Page 0032


Figure 4: What additional powers/responsibilities do you think

Health and Wellbeing Boards should take on?






Strategic oversight

of acute provision Commissioning of

primary care in

partnership, e.g.

through a joint

vehicle with the CCG Right to scrutinise

contracts more


Other* (please


Commissioning of

primary care directly

The right to scrutinise contracts more closely was supported by a third of our

survey respondents (see figure 4), and was raised in some interviews as the

only way that HWBs would be able to truly influence primary commissioning

decisions. But the most popular responses by some way were to allow HWBs

to have strategic oversight of acute provision and to commission primary care

in a partnership. This would chime with Labour's proposals.103 In order for

HWBs to hold NHS England accountable for commissioning our 2013 report

'In Sickness and in Health' recommended that a body for HWBs should be

created to represent their interests within NHS England.104

Our conclusion is that if the sector wants to go for all-out integration, then it

should build on the spirit and intention of BCF and do it wholesale. This would

chime with our survey respondents who by an overwhelming margin (85 per

cent) were in favour of "increased financial incentives for closer integration e.g.

an expansion of the BCF"

Co-location of services, aimed at reducing unnecessary acute admissions - for

example, by putting GPs and social workers in hospitals full time - were seen

by several interviewees as a worthwhile investment. A case in point is Barnet,

where there are social care workers and more than 70 GPs and 60 nurses

providing 24-hour cover in three hospitals and one primary care centre.105 The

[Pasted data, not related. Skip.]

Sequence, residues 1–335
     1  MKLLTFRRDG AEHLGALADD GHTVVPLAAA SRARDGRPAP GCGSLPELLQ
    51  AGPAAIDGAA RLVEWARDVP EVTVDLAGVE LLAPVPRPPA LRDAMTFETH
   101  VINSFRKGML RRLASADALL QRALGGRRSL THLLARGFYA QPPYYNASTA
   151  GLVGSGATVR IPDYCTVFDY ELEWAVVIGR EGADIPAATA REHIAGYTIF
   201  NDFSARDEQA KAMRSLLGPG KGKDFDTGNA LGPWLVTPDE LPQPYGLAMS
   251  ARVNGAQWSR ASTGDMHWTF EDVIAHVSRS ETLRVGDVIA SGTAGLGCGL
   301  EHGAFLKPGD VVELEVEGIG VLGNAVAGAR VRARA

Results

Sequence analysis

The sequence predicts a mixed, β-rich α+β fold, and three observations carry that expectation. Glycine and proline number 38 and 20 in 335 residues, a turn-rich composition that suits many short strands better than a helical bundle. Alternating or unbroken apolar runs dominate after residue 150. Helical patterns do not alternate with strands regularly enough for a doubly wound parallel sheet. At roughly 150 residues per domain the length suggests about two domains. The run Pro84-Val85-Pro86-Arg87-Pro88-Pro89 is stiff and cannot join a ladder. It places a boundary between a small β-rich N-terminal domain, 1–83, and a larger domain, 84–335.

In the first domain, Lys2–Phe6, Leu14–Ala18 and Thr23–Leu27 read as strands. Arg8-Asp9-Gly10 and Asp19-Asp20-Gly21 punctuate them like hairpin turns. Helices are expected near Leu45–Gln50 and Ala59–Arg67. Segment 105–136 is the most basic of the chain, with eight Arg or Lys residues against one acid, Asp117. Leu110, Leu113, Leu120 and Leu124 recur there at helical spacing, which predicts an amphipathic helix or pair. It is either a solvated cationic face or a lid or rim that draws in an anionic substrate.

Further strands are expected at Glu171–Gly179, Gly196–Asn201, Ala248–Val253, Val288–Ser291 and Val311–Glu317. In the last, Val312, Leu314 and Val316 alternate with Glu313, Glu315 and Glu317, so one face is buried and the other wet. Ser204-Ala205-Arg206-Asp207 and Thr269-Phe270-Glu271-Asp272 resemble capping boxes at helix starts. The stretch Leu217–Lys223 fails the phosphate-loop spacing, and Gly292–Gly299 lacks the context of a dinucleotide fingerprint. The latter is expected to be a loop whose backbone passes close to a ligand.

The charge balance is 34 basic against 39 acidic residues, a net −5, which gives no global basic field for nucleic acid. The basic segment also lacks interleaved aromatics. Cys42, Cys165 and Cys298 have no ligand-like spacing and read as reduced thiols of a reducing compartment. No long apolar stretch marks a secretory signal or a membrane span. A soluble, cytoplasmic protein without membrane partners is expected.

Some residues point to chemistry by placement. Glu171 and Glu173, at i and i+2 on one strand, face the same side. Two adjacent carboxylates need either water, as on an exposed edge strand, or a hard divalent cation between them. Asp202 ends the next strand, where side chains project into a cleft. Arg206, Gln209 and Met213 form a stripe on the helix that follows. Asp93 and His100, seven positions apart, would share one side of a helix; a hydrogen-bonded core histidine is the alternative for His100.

expansion of this gatekeeper role could play a critical part in supporting older

people outside of an acute setting.

But by the same token, pilots have shown that integrated, preventative care

outside hospitals can work, too. For example, Leeds has been chosen as one of

14 sites across the country to pioneer integrated care. Twelve health and social

care teams in Leeds coordinate the care for older people in a recovery centre.

This centre offers rehabilitative care to prevent otherwise avoidable hospital

admission, facilitate earlier discharge and promote independence. In its first

month of operation the centre reported a 50 per cent reduction in length of stay

at hospital.106 Smaller schemes can also have a large impact. An interviewee

told us that taking an acute cardiologist out of the local hospital and into the

community led to a 25 per cent reduction in hospital admissions.

103 HSJ "Burnham sets out

integration vision" (24

September 2014)

104 Localis, In sickness and in health

(September 2013)

105 Barndoc Healthcare, About us

(accessed January 2015)

106 Department of Health,

"Integration pioneers leading the

way for health and care reform"

(1 November 2013)


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